Principles and Dysfunction -- Keep It Simple StupidThe complex systems that mark the histories of civilizations did not emerge from vacuums; neither did they occur by accident.
Throughout human history, every period of advancement has followed a top-down approach; from visualization, to concepts, to principles, to practices and processes, to physical implementations.
The rise and spread of Rome is a great example of this systematic approach to advances in human existence. While the Roman Empire was growing and spreading, they were designing and building aqueducts, sewers, dams, bridges, etc., and they were using systematic approaches to achieve advances in medicine, surgery, metallurgy, construction materials and methods, warfare, and many other fields of endeavor, including literacy that extended to peasants and rural people.
Conversely, every period of systemic decay and decline of civilizations has been characterized by attempts to maintain previously built systems using bottom-up methods and skills.
After Rome fell, and the legions had withdrawn from the far reaches of the previous empire, their infrastructure lingered on, but it suffered piecemeal dismantling at the hands of barbarians who, although they might have observed some of the operations, had little knowledge of the concepts, principles, methods, etc., that had preceded such operations. Over time, scavengers looted the various nuts, bolts, and other pieces of the machinery for more primitive purposes. As structures fell into disrepair, stones were repurposed for other structures, and wood was burned for heat or reused for other building needs. Knowledge was lost in most areas. One hundred years later, kings could not read or write.
Barbarians waste little time conceiving, planning, organizing, evaluating, or any other deep-thinking exercises. They tend to just slug their way through whatever obstacles they encounter.
If a hammer is the only tool you have, every problem tends to look like a nail.
Just as you cannot rebuild a complex empire from scavenged parts of the old one using barbarian-level skills, you cannot code your way back into well-designed systems, and you should not expect the quality and performance from a hacked-together collection of programs, that you would expect from systems that are properly conceived, designed, developed, tested, maintained, and managed by qualified people.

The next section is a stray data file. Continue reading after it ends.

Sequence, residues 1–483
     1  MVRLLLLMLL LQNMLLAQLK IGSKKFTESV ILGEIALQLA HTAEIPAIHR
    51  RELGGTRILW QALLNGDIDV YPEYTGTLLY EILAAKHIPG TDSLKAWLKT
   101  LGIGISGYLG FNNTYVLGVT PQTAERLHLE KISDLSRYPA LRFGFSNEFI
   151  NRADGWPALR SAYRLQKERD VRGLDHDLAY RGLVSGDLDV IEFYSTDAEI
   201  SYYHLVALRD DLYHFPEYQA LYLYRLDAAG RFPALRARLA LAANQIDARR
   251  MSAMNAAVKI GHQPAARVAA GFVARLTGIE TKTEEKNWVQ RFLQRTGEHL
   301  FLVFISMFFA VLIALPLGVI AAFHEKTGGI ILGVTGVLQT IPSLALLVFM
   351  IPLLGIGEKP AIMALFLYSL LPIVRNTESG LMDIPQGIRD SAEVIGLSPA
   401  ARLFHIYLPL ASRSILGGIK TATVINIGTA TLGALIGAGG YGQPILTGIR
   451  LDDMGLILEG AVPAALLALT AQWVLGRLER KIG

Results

You cannot lie, cheat, and steal your way back into a functioning economic system. You cannot redistribute the remnants of a previously functioning economy, the residual assets, and expect it to blossom into a functioning system, as our communist population suggests. By the same token, "creative destruction", as practiced by our crony communist sector, is simply redistribution to a different unprincipled group of recipients. In a functioning economy, wealth is not a static measure -- it has to be produced every day, distributed every day, and consumed every day.
As W. Edwards Deming noted, when organizations compete with other organizations, the result is more efficient and more effective processes, higher quality products and services, and better prices.
When units and people within an organization compete with each other, the result is chaos, inefficiency, ineffectiveness, declining quality, declining markets; essentially all the expected elements of decline. Deming encouraged us to view an organization as a system, wherein all the parts must work together cooperatively.
"A system must be managed. It will not manage itself. Left to themselves in the Western world, components become selfish, competitive. We can not afford the destructive effect of competition."In Deming's books, lectures, and consulting activities, over many years, he made the above contrast between cooperation and competition, variously using different wording and examples. Others have made such attempts also, but such efforts are lost on most of this population whose minds are warped from early ages with non-stop televised competitive sports, competitive entertainment, competitive communications, competive relationships, etc. Some occupations give lip service to the idea of cooperation, such as education, social work, charity professionals; yet these same groups compete for money, power, and prestige, within and outside their groups. Outside of our military, the idea of cooperative team effort to achieve objectives is lost on this population.
Need a more clear example? On an engineering or software project, wherein a system of some sort is being designed, developed, and implemented, there are usually several individuals responsible for the design of many various parts of the system, and several individuals responsible for the development of the many parts; sometimes the same group of people, sometimes different people for the different functions.
During those advancing times in our history, these groups of people worked together cooperatively to hammer out a cohesive set of design specifications, wherein all the parts of the system would be designed to fit together, and work together, like a smooth-running Swiss watch. Then the development people would use such a cohesive, comprehensive set of specifications to build the product, working cooperatively to ensure that the pieces adhered to the specifications. Yes, there were usually discoveries during the various phases that prompted alterations to the specifications or methods, but such changes were incorporated, and moved forward cohesively like the original plans. Most of America's history is filled with successful projects like this -- railroads, bridges, dams, tunnels, airplanes, cars, trucks, manufacturing systems, military operations, and on and on.